When you own a family farm and plan to end your marriage, divorce often becomes complicated. Will you keep the business and do you have to continue to work together?
Review these and other considerations for divorcing farm owners in Illinois.
Illinois requires the equitable division of marital assets and debts, which includes everything either spouse earned and acquired during the marriage. Under the equitable standard, your property division must be fair but does not require a 50-50 split depending on the circumstances.
If one of you brought the farm into the marriage, the court will abide by the terms of a valid prenuptial agreement if you have one. If not, the spouse who married into the farm may have a claim to its increase in value over the years of marriage.
Speaking of value, the process of appraising a farm and its varied assets can be complex. Many farms encompass not only the business operations but also the land, livestock, crops, equipment, buildings, and other types of property. If you may separate from your spouse and own a farm together, consider seeking a professional valuation of all assets sooner rather than later.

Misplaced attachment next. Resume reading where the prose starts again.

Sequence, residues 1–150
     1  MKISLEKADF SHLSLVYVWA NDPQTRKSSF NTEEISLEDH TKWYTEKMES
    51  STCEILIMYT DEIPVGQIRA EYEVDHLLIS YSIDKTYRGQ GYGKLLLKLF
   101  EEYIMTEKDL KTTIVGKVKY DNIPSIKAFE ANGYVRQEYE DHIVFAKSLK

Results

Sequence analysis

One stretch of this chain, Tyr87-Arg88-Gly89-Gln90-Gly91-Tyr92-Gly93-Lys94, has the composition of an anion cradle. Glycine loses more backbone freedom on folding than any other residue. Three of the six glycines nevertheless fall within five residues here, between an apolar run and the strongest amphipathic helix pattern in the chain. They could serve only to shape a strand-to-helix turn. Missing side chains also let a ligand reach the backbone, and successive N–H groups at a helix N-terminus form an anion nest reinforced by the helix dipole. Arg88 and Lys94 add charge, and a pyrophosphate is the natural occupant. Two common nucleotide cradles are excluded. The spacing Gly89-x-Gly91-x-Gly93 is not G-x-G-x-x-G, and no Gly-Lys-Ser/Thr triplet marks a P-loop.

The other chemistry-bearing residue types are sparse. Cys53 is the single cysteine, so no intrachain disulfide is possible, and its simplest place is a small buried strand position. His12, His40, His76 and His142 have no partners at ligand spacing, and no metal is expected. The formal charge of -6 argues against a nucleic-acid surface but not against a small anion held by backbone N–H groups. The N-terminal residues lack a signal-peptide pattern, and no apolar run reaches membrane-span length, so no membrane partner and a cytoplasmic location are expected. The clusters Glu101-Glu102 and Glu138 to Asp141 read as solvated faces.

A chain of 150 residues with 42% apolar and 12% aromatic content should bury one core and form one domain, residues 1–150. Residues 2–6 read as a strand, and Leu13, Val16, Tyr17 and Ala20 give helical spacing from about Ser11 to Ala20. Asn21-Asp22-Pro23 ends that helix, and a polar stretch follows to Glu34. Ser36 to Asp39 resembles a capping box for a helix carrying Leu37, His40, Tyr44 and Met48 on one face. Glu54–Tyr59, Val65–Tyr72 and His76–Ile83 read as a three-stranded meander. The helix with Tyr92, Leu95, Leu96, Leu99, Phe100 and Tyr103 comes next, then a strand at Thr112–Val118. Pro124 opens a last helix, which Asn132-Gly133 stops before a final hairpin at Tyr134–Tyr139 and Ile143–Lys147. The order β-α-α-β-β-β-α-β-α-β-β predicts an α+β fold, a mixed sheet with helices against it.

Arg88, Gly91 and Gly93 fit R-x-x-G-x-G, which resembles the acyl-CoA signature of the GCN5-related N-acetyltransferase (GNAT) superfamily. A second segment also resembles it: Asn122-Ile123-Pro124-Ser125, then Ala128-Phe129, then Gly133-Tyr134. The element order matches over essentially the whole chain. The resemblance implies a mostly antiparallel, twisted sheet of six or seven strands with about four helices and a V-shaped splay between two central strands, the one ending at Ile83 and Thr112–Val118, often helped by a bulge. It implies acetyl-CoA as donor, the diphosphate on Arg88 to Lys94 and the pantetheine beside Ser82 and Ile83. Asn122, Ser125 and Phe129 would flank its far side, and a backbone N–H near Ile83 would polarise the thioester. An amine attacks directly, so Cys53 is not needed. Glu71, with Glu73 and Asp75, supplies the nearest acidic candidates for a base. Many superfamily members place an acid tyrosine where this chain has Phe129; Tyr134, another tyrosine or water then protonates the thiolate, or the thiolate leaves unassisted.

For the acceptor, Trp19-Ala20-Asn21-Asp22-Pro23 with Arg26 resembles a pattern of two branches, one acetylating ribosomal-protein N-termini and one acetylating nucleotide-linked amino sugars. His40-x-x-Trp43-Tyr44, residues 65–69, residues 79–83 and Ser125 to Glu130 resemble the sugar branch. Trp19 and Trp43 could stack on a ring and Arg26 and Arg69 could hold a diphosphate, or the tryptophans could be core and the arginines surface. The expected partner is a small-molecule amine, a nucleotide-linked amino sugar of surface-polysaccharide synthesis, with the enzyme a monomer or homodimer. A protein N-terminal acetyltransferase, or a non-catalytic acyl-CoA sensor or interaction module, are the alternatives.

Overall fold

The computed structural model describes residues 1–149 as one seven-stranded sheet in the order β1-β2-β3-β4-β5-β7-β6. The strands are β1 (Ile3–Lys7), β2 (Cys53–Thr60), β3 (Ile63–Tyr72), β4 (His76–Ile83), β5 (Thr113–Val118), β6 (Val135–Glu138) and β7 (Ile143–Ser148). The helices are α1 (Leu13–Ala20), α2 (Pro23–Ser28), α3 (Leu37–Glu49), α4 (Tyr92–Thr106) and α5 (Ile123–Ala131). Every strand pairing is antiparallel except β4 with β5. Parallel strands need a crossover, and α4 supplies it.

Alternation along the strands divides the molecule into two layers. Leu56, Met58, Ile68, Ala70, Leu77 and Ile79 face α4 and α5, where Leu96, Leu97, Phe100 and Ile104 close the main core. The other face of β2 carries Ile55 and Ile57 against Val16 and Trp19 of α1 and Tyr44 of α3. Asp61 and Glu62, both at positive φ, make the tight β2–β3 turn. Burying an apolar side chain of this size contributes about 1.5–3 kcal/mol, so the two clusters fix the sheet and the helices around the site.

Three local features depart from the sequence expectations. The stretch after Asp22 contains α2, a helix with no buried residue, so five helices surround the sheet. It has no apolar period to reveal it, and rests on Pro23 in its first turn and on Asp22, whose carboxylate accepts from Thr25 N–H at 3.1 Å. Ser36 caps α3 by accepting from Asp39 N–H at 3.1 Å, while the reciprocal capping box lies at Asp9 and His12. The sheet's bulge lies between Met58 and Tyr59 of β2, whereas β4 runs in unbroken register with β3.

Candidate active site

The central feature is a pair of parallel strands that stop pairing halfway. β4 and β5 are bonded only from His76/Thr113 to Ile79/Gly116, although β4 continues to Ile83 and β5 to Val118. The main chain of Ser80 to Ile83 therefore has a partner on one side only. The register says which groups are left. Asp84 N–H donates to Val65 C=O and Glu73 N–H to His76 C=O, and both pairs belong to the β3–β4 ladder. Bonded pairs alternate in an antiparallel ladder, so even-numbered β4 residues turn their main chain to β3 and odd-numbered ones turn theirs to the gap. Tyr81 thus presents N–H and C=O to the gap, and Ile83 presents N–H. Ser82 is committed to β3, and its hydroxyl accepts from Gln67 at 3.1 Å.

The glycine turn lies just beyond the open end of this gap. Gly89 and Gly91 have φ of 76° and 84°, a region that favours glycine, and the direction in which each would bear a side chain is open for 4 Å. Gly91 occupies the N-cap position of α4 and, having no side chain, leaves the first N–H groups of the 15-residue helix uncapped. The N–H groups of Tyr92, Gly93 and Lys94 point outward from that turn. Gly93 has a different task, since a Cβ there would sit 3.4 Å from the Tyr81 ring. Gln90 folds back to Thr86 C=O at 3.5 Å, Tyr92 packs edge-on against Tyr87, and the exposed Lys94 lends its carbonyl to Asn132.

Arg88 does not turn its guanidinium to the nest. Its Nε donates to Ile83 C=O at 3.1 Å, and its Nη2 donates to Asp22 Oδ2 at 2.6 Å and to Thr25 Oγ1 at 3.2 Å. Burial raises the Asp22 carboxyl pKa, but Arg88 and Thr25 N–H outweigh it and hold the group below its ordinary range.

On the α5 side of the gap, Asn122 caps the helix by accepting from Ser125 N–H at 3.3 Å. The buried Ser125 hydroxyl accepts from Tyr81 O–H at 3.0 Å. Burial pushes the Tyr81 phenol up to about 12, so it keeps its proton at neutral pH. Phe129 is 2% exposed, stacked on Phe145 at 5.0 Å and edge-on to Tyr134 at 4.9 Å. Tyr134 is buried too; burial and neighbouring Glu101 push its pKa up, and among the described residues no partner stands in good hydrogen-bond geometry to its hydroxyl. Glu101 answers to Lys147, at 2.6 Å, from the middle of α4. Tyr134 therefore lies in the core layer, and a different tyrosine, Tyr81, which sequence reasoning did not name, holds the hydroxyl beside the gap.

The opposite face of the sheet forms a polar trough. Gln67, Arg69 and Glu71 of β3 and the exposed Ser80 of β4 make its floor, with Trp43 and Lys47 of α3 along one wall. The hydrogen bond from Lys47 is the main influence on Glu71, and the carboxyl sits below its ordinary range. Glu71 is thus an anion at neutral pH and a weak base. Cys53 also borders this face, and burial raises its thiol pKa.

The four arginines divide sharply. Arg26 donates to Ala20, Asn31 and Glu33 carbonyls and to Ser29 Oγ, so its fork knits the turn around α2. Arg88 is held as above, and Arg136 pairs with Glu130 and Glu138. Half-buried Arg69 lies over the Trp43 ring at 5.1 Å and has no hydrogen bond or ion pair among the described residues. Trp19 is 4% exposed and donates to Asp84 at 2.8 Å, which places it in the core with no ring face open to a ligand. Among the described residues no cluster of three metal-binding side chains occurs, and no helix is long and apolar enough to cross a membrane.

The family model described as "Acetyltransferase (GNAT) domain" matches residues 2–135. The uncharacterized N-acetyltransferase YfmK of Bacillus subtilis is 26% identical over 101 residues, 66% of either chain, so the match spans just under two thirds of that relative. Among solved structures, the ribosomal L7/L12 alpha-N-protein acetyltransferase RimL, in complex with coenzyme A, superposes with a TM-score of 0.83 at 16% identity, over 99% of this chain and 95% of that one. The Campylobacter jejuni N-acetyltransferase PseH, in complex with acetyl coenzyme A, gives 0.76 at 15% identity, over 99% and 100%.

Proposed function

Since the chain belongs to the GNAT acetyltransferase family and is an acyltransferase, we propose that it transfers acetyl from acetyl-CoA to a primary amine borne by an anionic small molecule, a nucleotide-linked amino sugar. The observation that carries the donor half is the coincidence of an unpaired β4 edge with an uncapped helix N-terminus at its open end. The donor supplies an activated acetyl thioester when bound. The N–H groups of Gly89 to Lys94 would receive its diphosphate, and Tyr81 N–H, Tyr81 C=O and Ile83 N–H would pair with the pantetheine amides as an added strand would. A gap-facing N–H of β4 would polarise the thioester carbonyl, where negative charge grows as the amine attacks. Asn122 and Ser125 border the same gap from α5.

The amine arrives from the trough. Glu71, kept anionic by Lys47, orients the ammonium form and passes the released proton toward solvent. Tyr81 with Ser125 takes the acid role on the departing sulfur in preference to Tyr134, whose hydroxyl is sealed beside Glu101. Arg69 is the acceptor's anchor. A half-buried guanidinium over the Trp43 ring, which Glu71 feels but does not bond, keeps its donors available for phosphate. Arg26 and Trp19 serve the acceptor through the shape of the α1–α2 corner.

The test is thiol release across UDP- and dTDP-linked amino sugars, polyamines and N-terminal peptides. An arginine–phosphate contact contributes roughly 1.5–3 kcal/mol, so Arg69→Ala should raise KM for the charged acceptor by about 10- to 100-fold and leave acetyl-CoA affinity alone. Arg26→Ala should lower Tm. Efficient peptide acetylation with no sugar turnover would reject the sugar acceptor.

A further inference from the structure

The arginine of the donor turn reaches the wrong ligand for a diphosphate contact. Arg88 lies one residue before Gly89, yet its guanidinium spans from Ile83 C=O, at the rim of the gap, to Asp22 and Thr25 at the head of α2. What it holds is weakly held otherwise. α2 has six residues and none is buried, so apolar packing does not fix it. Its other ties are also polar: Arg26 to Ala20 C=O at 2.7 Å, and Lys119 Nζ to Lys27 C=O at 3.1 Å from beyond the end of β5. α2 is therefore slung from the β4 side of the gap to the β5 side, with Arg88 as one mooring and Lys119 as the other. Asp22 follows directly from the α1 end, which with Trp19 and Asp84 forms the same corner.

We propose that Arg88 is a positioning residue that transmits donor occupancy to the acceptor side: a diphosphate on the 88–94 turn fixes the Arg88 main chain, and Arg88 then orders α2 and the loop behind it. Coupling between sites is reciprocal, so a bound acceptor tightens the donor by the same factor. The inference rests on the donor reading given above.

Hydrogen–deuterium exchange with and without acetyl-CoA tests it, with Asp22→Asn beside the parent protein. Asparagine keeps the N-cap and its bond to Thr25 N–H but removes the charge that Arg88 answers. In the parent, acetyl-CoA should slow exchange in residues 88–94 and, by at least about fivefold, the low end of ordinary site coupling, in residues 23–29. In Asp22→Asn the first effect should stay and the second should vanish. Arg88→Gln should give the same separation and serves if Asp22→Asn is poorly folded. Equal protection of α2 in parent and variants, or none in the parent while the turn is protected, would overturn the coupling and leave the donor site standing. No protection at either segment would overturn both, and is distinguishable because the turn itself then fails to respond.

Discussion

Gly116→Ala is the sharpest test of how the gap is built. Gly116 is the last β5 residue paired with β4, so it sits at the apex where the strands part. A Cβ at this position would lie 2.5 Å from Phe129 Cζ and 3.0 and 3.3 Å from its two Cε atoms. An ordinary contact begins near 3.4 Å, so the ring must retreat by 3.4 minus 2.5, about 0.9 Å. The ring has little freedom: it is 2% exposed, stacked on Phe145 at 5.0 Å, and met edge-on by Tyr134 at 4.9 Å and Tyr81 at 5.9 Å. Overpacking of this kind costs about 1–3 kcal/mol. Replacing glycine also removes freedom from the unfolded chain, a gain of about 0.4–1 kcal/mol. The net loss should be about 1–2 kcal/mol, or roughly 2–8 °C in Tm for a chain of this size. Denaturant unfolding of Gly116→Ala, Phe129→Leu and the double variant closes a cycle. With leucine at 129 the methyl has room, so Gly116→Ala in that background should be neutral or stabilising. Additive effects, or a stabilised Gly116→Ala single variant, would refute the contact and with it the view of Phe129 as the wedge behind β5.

Operation and succession
Some spouses continue to work together in a shared business after a divorce. In this case, consider having a mediator draft an agreement about responsibilities and compensation to prevent future disputes.
If one spouse wants to leave the business, it can take time to replace that person’s knowledge and skills. Creating a succession plan that covers this issue can streamline this process.
Consider these factors as you enter divorce proceedings as a family farm owner.